My goal is to have the community that’s backed this engaged and entertained while they’re waiting for the game, and even to give them components of the game. The other thing we’re going to do that’s different from traditional development is that we’re going to share drops of game functionality along the way. The first thing we’re planning is, in August, for Gamescom and PAX, we’re going to release the hangar module to all the backers. It’s a space hangar you can go in, all in the engine, and you can see the ships that you’ve pledged. Walk around in 3D. Go inside them. Invite your friends to hang out and see your ships. You should also be able to do some customization on the ships. I’m not sure if we’ll have all the assets built by then, but you should be able to customize. That’s in August.

Then, at the end of the year, we’ll have a dogfighting alpha, which will allow you to fight, just straight deathmatch, with the ships you’ve pledged for. It won’t have the persistent universe or the single-player story, but it will allow us to balance and tweak things and see how it works. Players will get to fly their ships and learn the dogfighting. They’re basically playing part of the game already. We’ll have a version of the planetside interaction. That’ll be another module you’ll get, where you go and talk to other people and feel out how that works inside the space bar and everything. The idea is to build and release these sub-modules, test them with the community, get the feedback, get the kinks out of them, and by the time we pull it all together into the final game in two years’ time, we’ll have battle-tested a lot of it. Hopefully we’ll have fewer problems at the end.

GamesBeat: Are you able to set a more ambitious scope now that you know how much money you have?

Roberts: Definitely. I’m able to set a more ambitious scope, and it’s much better in terms of the private equity side and the control of the company. The valuation is much stronger now. If I were doing this as a traditional VC deal, the amount of the company I owned would be much smaller. I would be more beholden to investors who are like, “What’s our exit plan in four years?” “EA’s offering a lot of money. Why don’t you sell to them right now? We want out of the deal.” That may not be the best answer for the game itself. It may be better to just keep it Valve-style and grow and curate it properly and not worry about other things.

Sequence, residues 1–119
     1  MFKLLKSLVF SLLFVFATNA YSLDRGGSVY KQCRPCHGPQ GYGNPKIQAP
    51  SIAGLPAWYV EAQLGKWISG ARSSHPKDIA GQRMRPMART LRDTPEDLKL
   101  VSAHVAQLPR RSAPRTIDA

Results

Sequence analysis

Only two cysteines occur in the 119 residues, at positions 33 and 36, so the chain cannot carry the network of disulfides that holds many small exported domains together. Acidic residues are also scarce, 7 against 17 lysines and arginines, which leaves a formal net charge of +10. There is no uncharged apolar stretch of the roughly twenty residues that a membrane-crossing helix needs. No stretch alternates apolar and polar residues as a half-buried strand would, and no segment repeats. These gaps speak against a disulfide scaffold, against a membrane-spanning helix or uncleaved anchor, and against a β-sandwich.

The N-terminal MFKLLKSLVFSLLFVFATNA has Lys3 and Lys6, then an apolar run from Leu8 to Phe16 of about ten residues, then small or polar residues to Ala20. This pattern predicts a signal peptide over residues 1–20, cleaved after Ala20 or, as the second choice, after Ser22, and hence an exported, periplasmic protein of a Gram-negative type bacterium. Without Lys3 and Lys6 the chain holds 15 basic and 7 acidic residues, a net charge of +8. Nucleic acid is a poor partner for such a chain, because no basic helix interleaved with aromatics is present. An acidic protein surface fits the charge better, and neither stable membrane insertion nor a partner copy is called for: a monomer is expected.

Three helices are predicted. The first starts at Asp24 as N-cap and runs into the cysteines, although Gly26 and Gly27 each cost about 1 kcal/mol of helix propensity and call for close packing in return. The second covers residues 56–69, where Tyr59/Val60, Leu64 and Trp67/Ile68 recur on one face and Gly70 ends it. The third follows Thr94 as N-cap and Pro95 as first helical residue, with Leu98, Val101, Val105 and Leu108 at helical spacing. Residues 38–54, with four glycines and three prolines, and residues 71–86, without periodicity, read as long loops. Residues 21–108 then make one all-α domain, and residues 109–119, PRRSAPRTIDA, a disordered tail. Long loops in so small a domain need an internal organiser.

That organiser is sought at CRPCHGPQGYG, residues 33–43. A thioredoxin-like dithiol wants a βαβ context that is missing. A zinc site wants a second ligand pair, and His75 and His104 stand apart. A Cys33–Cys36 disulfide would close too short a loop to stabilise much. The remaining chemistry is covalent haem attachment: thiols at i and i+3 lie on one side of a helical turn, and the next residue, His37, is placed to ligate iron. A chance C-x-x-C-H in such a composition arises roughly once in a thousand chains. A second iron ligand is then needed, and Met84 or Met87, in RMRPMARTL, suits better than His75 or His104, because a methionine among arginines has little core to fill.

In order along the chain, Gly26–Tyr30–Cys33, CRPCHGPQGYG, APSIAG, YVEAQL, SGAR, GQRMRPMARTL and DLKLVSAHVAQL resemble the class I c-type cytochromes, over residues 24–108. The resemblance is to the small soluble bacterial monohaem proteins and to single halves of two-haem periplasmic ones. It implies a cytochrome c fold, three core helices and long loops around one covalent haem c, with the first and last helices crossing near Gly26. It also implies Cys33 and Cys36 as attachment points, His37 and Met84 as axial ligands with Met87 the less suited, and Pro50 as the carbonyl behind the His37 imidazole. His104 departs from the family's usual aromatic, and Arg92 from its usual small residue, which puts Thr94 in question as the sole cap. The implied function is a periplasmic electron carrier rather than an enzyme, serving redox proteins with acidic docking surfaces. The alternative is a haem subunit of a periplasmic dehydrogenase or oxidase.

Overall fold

The nice thing about doing the crowdfunding is it validated demand. It set an expectation of where it can end up. It allows me to have better control of the destiny of it on a long-term basis. That’s important to me. I lost Wing Commander when Origin was bought out. It’s always frustrating to lose control over an IP that you think you can still do a lot with. I like the idea of being able to run Star Citizen in a way that can be about Star Citizen. The CCP guys run EVE and make their decisions based on what’s going to be good for EVE. It’s not, “Oh, we need to make sure that we work with our new digital online platform that sells all these other games.”

When you’re hooked in as part of a publisher, all of a sudden there are all these other demands. They’re not necessarily bad things, but there’s other things going on and other priorities. It’s not just about what’s best for the Star Citizen universe. I’m happy about being in the situation where we are now. I feel like I’m going to be allowed a greater degree of control and freedom to make decisions for the universe and the community that I wouldn’t have had in another scenario of getting funding.

GamesBeat: It certainly postpones the day where you have to look for money again.

Roberts: We have private investors already. I’m still closing with some of them. I lined up money to make this game even without the crowdfunding. The crowdfunding was validating the demand. Now I’m at the point of going back to some people and telling them I don’t want as much money now. I want to have more control. It’s going to be better for the players. Their money has ensured that this game and this universe will be truer to their needs.

If you’re an investor or a publisher, sure, it’s nice to have the game, but your primary motivation is turning a really big profit. [laughs] If you’ve got deals on the table and one’s a 20x exit and one’s a 10x exit, you go for the 20x every time. From the player’s standpoint, maybe the 10x exit would be the better call. Not necessarily saying that you’re only going to end up with 10 versus 20, but maybe this company or this path would be a better fit and you’ll get your money back over a longer period of time rather than a shorter one. For me, I’d rather do what makes sense for longevity.

Facebook went public because they had a lot of investors who wanted to get their money and get out. It’s good to be in a position where you can’t have your hand forced. That’s what having a successful crowdfunding campaign allows you. It allows you more power and say in that stuff.